Most people will be able to find a driving position that works, thanks to the standard height-adjustable driver’s seat and a steering wheel that moves for reach as well as height.
What’s more, the dashboard impresses, with large dials and well-labelled switches that are logically arranged.
Nissan Micra visibility
The steeply angled windscreen pillars can obscure your view at angled junctions, but most of the time they don’t cause problems.
Instead, it’s rear visibility that tends to frustrate due to the car's thick rear pillars and a shallow rear screen. To help redress that, you’ll need rear parking sensors and a reversing camera, which are options on the popular, mid-spec Acenta trim, and only standard on the range-topping Tekna model.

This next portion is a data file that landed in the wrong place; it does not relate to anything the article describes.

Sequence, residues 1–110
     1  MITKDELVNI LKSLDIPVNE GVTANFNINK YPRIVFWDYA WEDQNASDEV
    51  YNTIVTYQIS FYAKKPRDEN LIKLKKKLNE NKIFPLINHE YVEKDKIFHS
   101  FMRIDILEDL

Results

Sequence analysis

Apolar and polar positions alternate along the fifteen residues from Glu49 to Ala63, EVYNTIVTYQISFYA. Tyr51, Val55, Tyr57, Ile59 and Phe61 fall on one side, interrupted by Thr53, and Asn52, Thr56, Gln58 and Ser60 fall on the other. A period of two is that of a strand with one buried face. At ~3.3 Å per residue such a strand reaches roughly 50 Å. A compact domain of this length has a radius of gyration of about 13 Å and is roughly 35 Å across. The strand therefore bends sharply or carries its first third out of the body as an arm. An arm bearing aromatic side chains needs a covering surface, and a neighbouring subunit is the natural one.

Nissan Micra infotainment
Acenta models and above come with a high resolution 7.0in touchscreen that’s clearly laid out, so even though some of the icons are a little small to hit accurately on the move, it’s a pretty intuitive system.
True, you do have to buy an optional Connect package or go for the pricey N-Connecta or Tekna trims if you want built-in sat-nav and a DAB radio, but Apple CarPlay and MirrorLink are standard on mid-spec Acenta models, allowing you to use your phone’s apps via the screen.
The optional Bose stereo has speakers on the sides of the driver’s headrest and creates very effective surround sound.
Nissan Micra build quality
A nice mix of materials cover the dashboard, making the Micra appealing to sit in compared with most of its rivals; you can certainly see Nissan has made an effort.
Unfortunately, unless you choose one of the priciest versions of the car, the steering wheel is plastic and the gearlever rubber, making these key contact points feel cheap. That’s particularly disappointing given that much of the competition applies soft leather in these areas.